Fruits of the Garden

by Alexis Carter

There was a young man who, ever since he could remember, wanted more than anything in the world to know everything. As a child, he’d ask his parents why the sky was blue and why the rivers babbled and sparkled so prettily. When he was older he asked himself what it felt like to have no restrictions, only the desire to unearth pleasures wherever he wandered. One day he told his priest and, coincidentally, his dear old friend that he thought if he were in the Garden of Eden, he’d have still taken of the fruit of all the trees, knowing what would happen.

When he was told this, after a proper moment of shocked silence and the sign of the cross being made over both his own and his young friend’s chest, the priest said, “But that is selfishness to be sure. And wickedness. May God forgive you.”

The young man, drunk with the sudden release he felt in his veins, the release that had come with his uttering the darkest secret of his heart, declared, “I wish to be the most selfish person in the world if only I could be content at the end of my life. Actually, I will eat of every tree. In my own way. I won’t deny myself anything I desire. I will be gone a long time on this journey to satisfaction. I will not see you nor my mother or father until I am satisfied.”

“May you eat of a tree of humility that you may rediscover your morals,” the priest said with bowed head and quavering voice, for he was righteously angry and frightened of both the young man’s intent and for his safety.

“I care nothing for humility nor morals, now, dear priest. I only care for my desires. Oh, I know I am wicked, but so are you, and surely one must discover these things for oneself. I shall be back and I will tell you all I have seen and learnt.”

“May God be with you though you turn your back on Him,” the priest said, embracing his friend one last time.

And so the young man set off on his journey. He wasn’t long on the road when a tall, handsome man approached him, dressed all in black. The young man had not seen him coming, but suppressed his surprise enough to reply when the man spoke to him in a silky, rustling voice.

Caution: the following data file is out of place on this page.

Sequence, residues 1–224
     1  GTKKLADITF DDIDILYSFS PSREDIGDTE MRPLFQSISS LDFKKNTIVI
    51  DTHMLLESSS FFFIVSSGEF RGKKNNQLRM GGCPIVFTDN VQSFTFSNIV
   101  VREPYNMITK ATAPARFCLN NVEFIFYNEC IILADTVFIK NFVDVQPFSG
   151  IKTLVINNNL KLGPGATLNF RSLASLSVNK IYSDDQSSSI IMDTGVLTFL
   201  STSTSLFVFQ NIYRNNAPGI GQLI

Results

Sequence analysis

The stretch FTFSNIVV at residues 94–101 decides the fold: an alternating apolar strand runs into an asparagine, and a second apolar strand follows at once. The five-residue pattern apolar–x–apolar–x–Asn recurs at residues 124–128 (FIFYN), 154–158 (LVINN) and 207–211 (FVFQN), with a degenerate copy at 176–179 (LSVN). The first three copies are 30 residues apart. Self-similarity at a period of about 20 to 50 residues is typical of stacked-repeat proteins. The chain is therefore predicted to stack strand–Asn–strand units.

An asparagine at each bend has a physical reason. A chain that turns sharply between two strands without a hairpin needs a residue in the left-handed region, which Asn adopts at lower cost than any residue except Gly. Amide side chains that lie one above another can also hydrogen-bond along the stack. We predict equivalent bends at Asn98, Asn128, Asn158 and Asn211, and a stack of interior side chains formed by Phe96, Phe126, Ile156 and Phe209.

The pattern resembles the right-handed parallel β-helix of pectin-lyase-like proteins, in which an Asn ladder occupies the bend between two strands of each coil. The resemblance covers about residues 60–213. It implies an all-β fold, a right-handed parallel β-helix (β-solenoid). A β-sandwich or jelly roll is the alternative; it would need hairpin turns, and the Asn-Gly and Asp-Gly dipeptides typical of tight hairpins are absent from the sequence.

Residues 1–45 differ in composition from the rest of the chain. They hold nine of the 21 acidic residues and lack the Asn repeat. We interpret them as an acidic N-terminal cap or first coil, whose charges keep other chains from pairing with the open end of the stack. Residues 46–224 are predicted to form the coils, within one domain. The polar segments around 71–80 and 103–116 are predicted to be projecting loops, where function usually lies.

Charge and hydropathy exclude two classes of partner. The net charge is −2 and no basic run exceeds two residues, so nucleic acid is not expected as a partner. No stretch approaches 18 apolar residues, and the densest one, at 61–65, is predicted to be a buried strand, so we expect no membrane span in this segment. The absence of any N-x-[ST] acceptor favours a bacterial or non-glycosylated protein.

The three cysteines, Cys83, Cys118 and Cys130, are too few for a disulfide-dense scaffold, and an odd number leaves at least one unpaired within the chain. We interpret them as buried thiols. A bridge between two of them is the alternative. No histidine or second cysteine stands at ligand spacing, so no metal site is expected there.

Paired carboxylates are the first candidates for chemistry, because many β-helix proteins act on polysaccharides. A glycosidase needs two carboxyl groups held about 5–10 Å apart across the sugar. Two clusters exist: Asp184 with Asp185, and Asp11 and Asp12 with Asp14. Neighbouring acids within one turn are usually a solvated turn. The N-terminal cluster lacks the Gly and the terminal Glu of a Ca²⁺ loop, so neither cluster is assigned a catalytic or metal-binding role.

“Say, child, where are you headed off to so resolutely?” The young man noticed that he felt drawn to the stranger. He wore an expensive-looking suit and many rings on his long, pale, slender fingers and carried a long, black, polished walking stick with a snake’s head carved on the top.

“I’m—“ he faltered. “I’m off to know myself. Is that so strange?”

A tight smile. “No, not at all, child.”

“I’m not a child,” the young man said indignantly.

“All are children to me, for my eyes are older than you can dream of becoming,” the stranger said, his black eyes flashing with something like malice, only to be replaced with charm. “Now,” he said smoothly. “I am very glad we have met. I know of just the place you look for. There are so many desires to be quelled there and even more delightful things to know about. If you would be so bold as to take my hand, I will point you in the right direction.” And he extended his hand to the young man and waited. A shiver of apprehension ran through the young man, but he ignored it, remembering his vow not to deny himself anything; for he very much wanted to know this place. And the stranger’s voice seemed so familiar, so alluring even though his breath was like a cold gust in a graveyard and the air around him carried the perfume of equal parts decay and lust, a strangely alluring scent, but still bordering on unpleasantness.

And remembering his vow, the young man took the familiar stranger’s feverishly hot hand. With a smile that revealed his glinting teeth, the stranger stood behind him, still holding his hand and pointed with the young man’s arm down the road where there was a splendid garden just yards away.

“That wasn’t there before!” the young man said.

“Of course it was.”

The young man turned to look at him, but the stranger had vanished.

The young man wondered where he had gone for but a short time, however, because the fragrance wafting to him from the garden was enough to drive him mad. He ran toward the garden and upon entry gave a cry of joy. White lilies bloomed to delight the eye and the gardenias’ scent gladdened his heart. He wandered deeper into the garden, his hands brushing the spring green of the tall grass and fingering the fruit of the heavily laden trees.